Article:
Rating:

Another Heart Rending Masterpiece

Author: Charles Dickens

The Old Curiosity Shop is a powerful story of people: greed, addiction, innocence, evil, happiness in the midst of dire circumstances, ruinous dreams of wealth, and all the life and sorrow that happens in between. As with any Dickens tale, the characters are vibrant, both absurd in their extremities and recognizable in their very humanness, saints and sinners side by side in the drama of life and the pain of relationship.

By Joseph Clayton Clarke (1857-1937) – Scanned from a print in my collection, Public Domain, https://commons.wikimedia.org/w/index.php?curid=47402402

It begins with the Grandfather – the unnamed owner of the curiosity shop, which, itself, takes up little of the story. The Grandfather is dedicated to Little Nell, his fourteen year-old granddaughter, and despite the secrecy of his midnight sojourns and the poverty he makes his Nell live in (as well as the endless and often unsuitable work she does on his behest) he appears to be a kindly albeit strange man. Appearances are deceiving. This supposedly rich Grandfather has a creditor, the misshapen Daniel Quilp, who is determined to drive the old man out and recoup his investment. This is when we learn the Grandfather’s secret and watch his slide into shame.

Running in the middle of the night, reduced to the status of a beggar, the Grandfather escapes his house and creditors with Little Nell, and the two begin a journey across the barren Victorian landscape of want and deprivation. Nell is determined to be happy anyway, to enjoy life as it is and be thankful for every day with her Grandfather. She doesn’t suspect his secret temptation – one that takes them down even darker avenues than poverty.

Meanwhile, Quilp is sure that he has been tricked, that the Grandfather has secret money he is hiding. Along with the Grandfather’s disgraced son, Quilp begins to unravel a scheme to recapture his prisoners at any cost. But the pendulum between good and evil is swinging again, and Grandfather and Little Nell have one unknown benefactor who is racing against time and Quilp to save them. It may be far too little, far too late.

The story itself is rich and layered, side characters and one time actors are just as vibrant as the main characters we journey beside. Everything sings in the tale, from the odd comfort of the traveling wax works to the despairing slums, to the funny little horse that is determined to run amuck, to Quilp’s abuse of his wife and family, to the slimy world of addiction and betrayal, to the glories and sorrows of the neglected grave. Good and evil lives side by side here, fighting, struggling, surging and moving across the landscape as Nell comes to terms with the truth of her Grandfather and Kit, her long lost friend, searches for her before sorrow and knowledge bring the ultimate destruction.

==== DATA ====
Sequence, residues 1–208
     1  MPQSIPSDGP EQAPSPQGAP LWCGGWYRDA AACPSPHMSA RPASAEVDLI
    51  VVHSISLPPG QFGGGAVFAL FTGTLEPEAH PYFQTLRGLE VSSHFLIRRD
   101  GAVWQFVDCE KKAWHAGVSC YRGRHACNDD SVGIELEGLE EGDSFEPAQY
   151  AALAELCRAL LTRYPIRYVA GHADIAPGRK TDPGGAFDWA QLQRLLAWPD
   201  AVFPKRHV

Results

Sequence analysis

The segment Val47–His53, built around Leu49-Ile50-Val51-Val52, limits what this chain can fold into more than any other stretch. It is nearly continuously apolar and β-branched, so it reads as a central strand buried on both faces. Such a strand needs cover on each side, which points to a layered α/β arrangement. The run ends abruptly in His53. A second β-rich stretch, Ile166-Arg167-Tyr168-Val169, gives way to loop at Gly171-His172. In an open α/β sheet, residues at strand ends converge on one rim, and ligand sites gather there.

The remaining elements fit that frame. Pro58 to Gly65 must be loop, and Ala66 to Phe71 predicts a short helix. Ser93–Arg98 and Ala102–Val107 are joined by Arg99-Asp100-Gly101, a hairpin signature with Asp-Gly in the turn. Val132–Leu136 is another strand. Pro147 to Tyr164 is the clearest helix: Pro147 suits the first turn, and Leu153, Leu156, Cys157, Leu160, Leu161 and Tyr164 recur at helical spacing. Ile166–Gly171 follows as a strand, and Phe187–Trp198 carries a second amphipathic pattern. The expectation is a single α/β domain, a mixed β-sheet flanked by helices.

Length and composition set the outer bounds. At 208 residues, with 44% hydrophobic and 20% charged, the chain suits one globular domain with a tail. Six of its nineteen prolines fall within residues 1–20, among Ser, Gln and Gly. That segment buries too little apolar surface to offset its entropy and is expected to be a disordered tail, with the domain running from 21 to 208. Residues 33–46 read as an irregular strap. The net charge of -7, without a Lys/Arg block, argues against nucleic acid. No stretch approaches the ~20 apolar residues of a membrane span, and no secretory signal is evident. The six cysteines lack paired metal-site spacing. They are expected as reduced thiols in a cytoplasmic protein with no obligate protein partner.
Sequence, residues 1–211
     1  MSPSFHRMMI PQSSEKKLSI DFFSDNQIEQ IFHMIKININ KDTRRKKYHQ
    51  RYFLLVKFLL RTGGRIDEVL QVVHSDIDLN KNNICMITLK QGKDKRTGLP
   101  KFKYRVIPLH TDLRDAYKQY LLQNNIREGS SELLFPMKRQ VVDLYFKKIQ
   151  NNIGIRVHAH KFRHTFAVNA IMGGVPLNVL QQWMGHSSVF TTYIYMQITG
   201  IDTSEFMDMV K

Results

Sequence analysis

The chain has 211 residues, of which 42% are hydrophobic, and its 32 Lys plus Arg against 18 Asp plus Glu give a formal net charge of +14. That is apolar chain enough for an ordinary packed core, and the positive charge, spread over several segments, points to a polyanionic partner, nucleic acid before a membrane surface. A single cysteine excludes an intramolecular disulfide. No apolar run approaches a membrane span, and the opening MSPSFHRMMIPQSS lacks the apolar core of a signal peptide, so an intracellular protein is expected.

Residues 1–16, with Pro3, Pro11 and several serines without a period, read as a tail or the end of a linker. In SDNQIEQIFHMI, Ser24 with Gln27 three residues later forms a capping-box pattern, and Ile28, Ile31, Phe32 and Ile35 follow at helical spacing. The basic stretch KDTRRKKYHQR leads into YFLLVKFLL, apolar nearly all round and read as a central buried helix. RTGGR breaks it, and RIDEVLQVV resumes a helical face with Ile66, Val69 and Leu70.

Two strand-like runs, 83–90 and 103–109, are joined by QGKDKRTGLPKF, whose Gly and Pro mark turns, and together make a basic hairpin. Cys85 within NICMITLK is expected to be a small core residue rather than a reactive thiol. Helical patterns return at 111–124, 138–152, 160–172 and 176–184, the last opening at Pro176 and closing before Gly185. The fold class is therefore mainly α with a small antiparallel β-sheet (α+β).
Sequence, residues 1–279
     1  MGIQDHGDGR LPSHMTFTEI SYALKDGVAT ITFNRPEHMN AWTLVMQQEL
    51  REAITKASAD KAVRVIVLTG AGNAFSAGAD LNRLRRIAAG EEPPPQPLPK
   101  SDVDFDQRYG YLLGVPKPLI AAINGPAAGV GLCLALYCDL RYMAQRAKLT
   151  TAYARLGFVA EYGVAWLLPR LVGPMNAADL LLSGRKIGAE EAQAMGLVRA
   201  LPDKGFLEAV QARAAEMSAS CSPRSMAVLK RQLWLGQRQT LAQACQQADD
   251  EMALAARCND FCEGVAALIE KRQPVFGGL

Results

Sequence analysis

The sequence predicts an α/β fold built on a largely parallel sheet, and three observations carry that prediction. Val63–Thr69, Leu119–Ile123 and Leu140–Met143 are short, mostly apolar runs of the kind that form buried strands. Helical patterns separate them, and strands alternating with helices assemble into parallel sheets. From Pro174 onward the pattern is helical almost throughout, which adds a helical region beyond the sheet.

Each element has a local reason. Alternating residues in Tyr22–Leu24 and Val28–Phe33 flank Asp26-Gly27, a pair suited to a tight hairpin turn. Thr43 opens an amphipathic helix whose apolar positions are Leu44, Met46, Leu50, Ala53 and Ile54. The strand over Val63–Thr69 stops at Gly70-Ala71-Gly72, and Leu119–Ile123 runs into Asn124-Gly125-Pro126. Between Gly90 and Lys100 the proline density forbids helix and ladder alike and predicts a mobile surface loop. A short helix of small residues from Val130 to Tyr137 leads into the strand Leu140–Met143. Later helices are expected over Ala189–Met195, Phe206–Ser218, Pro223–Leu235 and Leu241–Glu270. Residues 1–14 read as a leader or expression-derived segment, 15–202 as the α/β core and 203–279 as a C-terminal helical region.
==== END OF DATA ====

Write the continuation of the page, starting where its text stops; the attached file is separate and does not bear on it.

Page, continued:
Charles Dickens, Public domain, via Wikimedia Commons

You either love Dickens writing, or you hate it. Most people appreciate the stories with their complexity and moments of humor interspersed with strong calls for social reform. Dickens stories have been told and retold in many forms, so everyone is somewhat familiar with them. It’s his writing style that many find oppressive. I, however, think it is beautiful. Elaborate and insightful, it has a poetic glow. The sentences are enjoyable in their cadence and richness. The way they are formed is a sheer joy to read. In Dickens, both language and story are the stars, place and time unfurling as he highlights the beauty and depravity of life.

In the end, Old Curiosity Shop takes an unusual (for Dickens) turn, and the happily-ever-after is complicated with a crushing loss. Agony and forgiveness, beauty and judgment, escape and damnation, love and regret, all parallel each other, and as with life, the conclusion is thorny, bittersweet, messy in the way of all tragedies and satisfying in the way of the best comedy. Only Dickens could pull this off, plumb human nature and faults so completely, so empathetically, and take us through an entire course as though we had lived and walked with these weary people. I’m so glad Dickens was prolific, because as I sit in the afterglow of this story, I’m already planning my next venture into his world and the sadness and happiness he will explore, stories that cross time and space and remain just as relevant and impactful today as when he first put quill to paper. His way with words and the power of his stories make him my favorite author and this one of my favorite stories.

– Frances Carden

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Frances Carden
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